On Thursday, February 5, the Federal Circuit sat en banc to hear oral arguments in Suprema v. ITC, involving the authority of the ITC to issue exclusion orders under Section 337 based solely on a theory of induced infringement of method claims. Questioning from the bench indicated that the court is split not only on whether to reinstate the panel’s majority opinion, but also on the precise analysis that should be used to decide this case.
The case involves optical scanners that the ITC excluded despite the fact that the scanners only infringe, if at all, after they have been loaded with a particular software post-importation. In December 2013, a split panel of the Federal Circuit partially vacated the ITC’s decision on the grounds that the scanners did not constitute “articles that infringe” under § 337(a)(1)(B)(i) at the time of importation.
Ambiguity and Deference to the ITC
The parties spent much of the time fielding questions regarding whether the relevant term from section 337—“articles that infringe”—is ambiguous, and whether the ITC’s interpretation of that term is reasonable. Judge Taranto suggested that the term might be shorthand for something broader than its simple textual meaning. Judge Reyna, author of the prior opinion’s dissent, questioned why Suprema would invoke legislative history to clarify the meaning of the term if it was not ambiguous. Both judges noted that, if ambiguous, the analysis should proceed to the reasonableness of the ITC’s interpretation under the Chevron doctrine. A number of the judges also seemed troubled about an interpretation of “articles that infringe” that would exclude large categories of products (i.e., products made by patented methods that are not completed until after importation), that would carve out a recognized basis of infringement liability in 35 U.S.C. § 271, or that would make it easier for parties to easily circumvent liability in the ITC.
Judge O’Malley seemed to disagree with the notion that the statute was inherently ambiguous. She mentioned that this is a case of statutory interpretation and indicated that ambiguity does not lie simply because the parties disagree with the court’s statutory interpretation. Chief Judge Prost who, along with Judge O’Malley comprised the panel majority of the prior opinion, also seemed to have trouble finding any ambiguity.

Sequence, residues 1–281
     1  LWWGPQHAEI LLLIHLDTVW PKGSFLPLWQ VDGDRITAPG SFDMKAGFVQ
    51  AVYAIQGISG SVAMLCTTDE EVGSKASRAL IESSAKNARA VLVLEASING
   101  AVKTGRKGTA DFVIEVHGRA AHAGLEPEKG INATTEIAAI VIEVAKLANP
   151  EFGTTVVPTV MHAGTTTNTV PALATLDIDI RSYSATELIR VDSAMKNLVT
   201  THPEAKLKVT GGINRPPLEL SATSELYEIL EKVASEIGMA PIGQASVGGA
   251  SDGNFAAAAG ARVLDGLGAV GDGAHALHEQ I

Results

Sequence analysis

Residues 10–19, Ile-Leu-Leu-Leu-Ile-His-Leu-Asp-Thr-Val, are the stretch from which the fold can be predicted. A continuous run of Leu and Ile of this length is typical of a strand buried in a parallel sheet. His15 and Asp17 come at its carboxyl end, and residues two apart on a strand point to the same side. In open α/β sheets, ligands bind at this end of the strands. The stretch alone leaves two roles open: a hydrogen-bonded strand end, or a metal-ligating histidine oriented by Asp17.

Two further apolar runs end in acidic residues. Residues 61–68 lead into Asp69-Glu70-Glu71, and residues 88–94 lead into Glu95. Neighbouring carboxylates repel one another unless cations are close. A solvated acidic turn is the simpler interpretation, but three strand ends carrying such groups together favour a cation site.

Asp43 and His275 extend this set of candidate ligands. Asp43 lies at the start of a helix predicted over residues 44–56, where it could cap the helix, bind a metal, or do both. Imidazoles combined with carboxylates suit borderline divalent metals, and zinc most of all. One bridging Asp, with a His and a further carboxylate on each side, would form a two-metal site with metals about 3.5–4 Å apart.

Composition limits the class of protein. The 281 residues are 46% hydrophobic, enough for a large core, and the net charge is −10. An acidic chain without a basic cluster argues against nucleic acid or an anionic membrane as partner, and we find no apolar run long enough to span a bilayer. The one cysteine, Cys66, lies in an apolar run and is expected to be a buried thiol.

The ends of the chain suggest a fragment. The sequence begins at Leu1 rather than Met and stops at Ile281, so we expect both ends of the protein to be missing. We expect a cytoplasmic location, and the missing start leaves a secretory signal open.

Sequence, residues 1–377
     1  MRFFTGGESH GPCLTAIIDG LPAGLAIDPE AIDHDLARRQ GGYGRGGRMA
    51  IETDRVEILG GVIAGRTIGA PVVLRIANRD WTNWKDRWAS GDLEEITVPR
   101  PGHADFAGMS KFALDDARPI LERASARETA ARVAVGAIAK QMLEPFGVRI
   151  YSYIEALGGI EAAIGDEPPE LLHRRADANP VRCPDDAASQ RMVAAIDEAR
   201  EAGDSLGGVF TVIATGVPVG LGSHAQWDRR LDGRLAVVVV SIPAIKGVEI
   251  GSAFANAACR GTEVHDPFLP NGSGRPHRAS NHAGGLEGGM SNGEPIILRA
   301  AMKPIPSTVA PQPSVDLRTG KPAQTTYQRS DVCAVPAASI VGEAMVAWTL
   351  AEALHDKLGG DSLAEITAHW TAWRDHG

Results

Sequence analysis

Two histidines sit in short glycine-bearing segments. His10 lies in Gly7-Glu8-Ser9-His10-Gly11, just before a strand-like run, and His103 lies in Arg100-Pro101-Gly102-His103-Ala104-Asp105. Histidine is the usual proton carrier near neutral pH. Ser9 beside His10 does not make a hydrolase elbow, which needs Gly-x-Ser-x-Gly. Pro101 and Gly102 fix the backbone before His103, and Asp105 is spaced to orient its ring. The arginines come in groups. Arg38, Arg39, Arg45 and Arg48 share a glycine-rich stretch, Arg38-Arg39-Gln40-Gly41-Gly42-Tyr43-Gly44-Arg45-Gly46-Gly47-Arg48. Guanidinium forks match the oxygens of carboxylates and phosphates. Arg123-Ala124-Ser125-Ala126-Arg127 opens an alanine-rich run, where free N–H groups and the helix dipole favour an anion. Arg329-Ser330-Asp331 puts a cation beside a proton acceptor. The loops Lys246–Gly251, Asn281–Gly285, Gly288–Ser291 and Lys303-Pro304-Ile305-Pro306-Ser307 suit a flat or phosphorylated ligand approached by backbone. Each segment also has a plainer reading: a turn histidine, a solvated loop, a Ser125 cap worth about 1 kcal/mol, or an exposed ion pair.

Chief Judge Prost further questioned whether granting the ITC’s construction deference would lead to unreviewable import decisions made at the discretion of individual Customs border agents. Several other judges including Judge Newman also questioned the reasonableness of excluding all of the articles in question when only a portion might be used to infringe the patent.
Judge Dyk took issue with Appellees’ contention that the Commission’s ruling aligned with its prior decisions. In particular, he pointed out that all other cases involving a Section 337 exclusion orders based on theories of indirect infringement either involved articles that lacked substantial non-infringing uses or articles that were shipped with instructions on how to infringe. This case has neither. Judge Newman probed whether the Commission should look to whether it is feasible to determine if there will be future induced infringement to support an exclusion order based on induced infringement.
When discussing whether the ITC should look to the intent of the importing party, Judge Wallach offered that it already does so when reviewing criminal cases.
Judge O’Malley pointed out that the ITC has already agreed that it lacks the authority to issue exclusion orders under a theory of direct infringement of a method claim and only a method claim is at issue in the present case. Judge Lourie also questioned how an “article” could infringe a method patent, which requires performance of all the steps.
Several judges probed the parties to explain the feasibility of parties seeking certification to avoid the exclusion order. Judge Chen asked the parties what Suprema must assert to remove its perceived willingness to induce. Judge O’Malley suggested that certification did not remove all dangers since a party could still be held in contempt if the commission found that they acted with willful blindness. Judge Chen also questioned whether Section 337 was a violation/liability statute or a remedies statute and proposed that the ITC’s interpretation was looking to past acts to justify excluding current or future imports.
A decision is expected within the next several months.
The opinions expressed are those of the author(s) and do not necessarily reflect the views of Fish & Richardson P.C., any other of its lawyers, its clients, or any of its or their respective affiliates. This post is for general information purposes and is not intended to be and should not be taken as legal advice.
Andrew Kopsidas, a Principal in the Washington, D.C. office of Fish & Richardson, leads and tries intellectual property cases and offers strategic counseling to clients. He has successfully litigated cases in many federal district courts and the U.S. International Trade Commission (ITC).
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Zachary Loney is an associate in the litigation group in Fish & Richardson’s Washington, DC office. Prior to joining the firm, Zachary served as a judicial intern for The Honorable Lynn N. Hughes of the U.S. District Court for the Southern District of Texas.